Tammy Schirle, Wilfrid Laurier University,
Risky retirement & the role of public policy

About the Speaker
Tammy Schirle is an Associate Professor of Economics at Wilfrid Laurier University. She completed her Ph.D. at the University of British Columbia in 2006. She also completed degrees at Dalhousie University (M.A., 2000) and the University of Manitoba (B.A. Hons., 1999). She is currently co-director of the Canadian Labour Market and Skills Researcher Network's Retirement Research Program and a member of the C.D. Howe Institute Pension Policy Council. She has published articles in several academic journals, including the Journal of Labor Economics, Canadian Public Policy, Social Science and Medicine, the Review of Income and Wealth, and the Canadian Journal on Aging. Current research projects focus on understanding senior poverty, disability insurance and retirement planning, the effects of the business cycle on family structure, and the impact of the Universal Child Care Benefit on women's labour supply choices.

Michael Wolfson, University of Ottawa,
Longevity and Retirement: Thinking Outside the Box on Canada’s Retirement Income System

About the Speaker
Michael C. Wolfson, B.Sc., (Toronto - mathematics, computer science and economics 1971), Ph.D. (Cambridge – Economics 1977) retired as Assistant Chief Statistician, Analysis and Development, at Statistics Canada in 2009. He was awarded a Canada Research Chair in Population Health Modeling / Populomics in the Faculty of Medicine at the University of Ottawa in 2010. Dr. Wolfson’s areas of expertise include program review and evaluation, tax/transfer policy, pension policy, income distribution, design of health information systems, microsimulation modeling of socio-economic policy and health dynamics, and analysis of the determinants of health. He held positions in the Treasury Board Secretariat, the Department of Finance, the Privy Council Office, the House of Commons, and the Deputy Prime Minister’s Office prior to joining Statistics Canada. He was also a Fellow of the Canadian Institute for Advanced Research Program in Population Health (1988-2003). His numerous articles have addressed topics such as assessing the inter-generational equity of Canada’s pension and health care systems, the design of an appropriate system of health statistics, modeling disease determinants and treatments, income inequality and polarization trends, and income and income inequality as determinants of population health. Dr. Wolfson is a Fellow of the Canadian Academy of Health Sciences and an elected member of the International Statistical Institute.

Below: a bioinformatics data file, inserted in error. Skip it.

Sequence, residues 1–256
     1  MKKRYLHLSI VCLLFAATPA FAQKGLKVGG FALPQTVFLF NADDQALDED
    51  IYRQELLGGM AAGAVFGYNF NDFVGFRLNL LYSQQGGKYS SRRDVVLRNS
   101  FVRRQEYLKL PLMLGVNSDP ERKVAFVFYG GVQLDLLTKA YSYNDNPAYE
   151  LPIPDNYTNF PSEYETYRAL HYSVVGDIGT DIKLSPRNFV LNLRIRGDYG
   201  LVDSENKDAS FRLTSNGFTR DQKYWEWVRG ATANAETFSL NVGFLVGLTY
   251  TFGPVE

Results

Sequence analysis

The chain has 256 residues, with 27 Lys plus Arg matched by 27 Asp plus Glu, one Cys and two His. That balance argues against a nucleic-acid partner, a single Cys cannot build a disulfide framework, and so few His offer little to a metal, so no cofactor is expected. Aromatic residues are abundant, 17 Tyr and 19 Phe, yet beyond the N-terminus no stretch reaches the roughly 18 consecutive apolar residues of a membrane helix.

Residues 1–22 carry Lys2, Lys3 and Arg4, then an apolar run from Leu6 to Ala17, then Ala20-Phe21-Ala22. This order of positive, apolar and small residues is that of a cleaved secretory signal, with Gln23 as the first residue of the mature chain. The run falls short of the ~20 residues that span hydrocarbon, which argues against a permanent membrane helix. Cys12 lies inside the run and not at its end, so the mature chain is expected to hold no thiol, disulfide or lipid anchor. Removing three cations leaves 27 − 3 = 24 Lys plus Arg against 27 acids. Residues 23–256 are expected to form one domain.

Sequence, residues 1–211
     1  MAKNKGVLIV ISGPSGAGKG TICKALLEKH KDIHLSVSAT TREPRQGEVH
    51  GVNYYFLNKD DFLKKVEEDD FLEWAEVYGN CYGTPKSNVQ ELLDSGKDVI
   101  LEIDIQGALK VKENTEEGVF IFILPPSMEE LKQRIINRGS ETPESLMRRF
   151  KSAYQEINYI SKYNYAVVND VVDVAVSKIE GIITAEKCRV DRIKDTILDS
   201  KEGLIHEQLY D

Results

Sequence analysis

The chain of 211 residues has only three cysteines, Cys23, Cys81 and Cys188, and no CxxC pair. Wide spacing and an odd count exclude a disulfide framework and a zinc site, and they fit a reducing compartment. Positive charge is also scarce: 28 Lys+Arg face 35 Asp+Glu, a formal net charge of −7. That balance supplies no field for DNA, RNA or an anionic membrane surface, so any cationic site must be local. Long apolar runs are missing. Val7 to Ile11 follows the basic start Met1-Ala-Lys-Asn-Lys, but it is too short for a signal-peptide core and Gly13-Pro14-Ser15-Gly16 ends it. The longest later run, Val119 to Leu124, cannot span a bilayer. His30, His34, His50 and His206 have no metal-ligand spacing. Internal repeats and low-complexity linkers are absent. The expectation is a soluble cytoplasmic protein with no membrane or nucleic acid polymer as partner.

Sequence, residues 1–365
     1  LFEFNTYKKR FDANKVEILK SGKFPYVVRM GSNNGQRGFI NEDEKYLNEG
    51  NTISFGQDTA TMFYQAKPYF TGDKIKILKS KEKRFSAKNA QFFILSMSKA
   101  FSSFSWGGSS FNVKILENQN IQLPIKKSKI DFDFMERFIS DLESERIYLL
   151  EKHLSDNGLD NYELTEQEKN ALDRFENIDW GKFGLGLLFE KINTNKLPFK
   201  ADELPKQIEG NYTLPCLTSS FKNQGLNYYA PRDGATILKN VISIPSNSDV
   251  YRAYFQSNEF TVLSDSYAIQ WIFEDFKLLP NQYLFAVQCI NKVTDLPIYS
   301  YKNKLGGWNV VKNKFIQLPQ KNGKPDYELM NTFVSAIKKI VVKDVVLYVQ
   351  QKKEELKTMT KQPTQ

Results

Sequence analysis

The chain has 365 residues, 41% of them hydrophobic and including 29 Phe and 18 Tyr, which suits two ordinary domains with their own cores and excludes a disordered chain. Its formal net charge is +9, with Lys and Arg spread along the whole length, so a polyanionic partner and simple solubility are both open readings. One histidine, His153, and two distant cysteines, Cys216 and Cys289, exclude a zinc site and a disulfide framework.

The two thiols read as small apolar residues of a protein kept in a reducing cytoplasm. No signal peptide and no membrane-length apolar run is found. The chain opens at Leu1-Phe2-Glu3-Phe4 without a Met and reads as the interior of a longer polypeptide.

Commentary: Siobhan Harty, Director General, Social Policy,
Human Resources and Skills Development Canada

About the Speaker
Siobhan Harty was appointed Director General of Social Policy at Human Resources and Skills Development Canada (HRSDC) in March 2012. In this role, she provides policy leadership at the federal level on income security, retirement and aging, families and care, and social innovation. She has also held executive level positions at Public Safety Canada and the Privy Council Office. Prior to joining the federal public service, Siobhan was Lecturer (tenure-track) in Comparative European Politics in the Department of International Politics, University of Wales (Aberystwyth). She holds a PhD in Political Science from McGill University and has published books and articles on citizenship and nationalism.

Session 4 - Longevity, Health and Inequality

Amélie Quesnel-Vallée, McGill University,
Understanding the contribution of health policy to health inequalities: The way forward

About the Speaker
Amélie Quesnel-Vallée is Associate Professor at McGill University with a joint Appointment in the Departments of Sociology and Epidemiology. She holds a career award from the Fonds de recherche du Québec - Santé and is also the Director of the International Research Infrastructure on Social inequalities in health (IRIS) at McGill. With funding from the Canada Foundation for Innovation and the Canadian Institutes for Health Research, she currently studies the impact of public coverage and private health insurance regulation on health inequalities in select OECD countries. Her work received numerous awards, including the 2005 American Sociological Association Dissertation Award, and appeared in a book she co-edited, Le privé dans la santé : Les discours et les faits (Presses de l’Université de Montréal, 2008), as well as in the Canadian Medical Association Journal, the Journal of Epidemiology and Community Health, the American Journal of Epidemiology and Social Science and Medicine.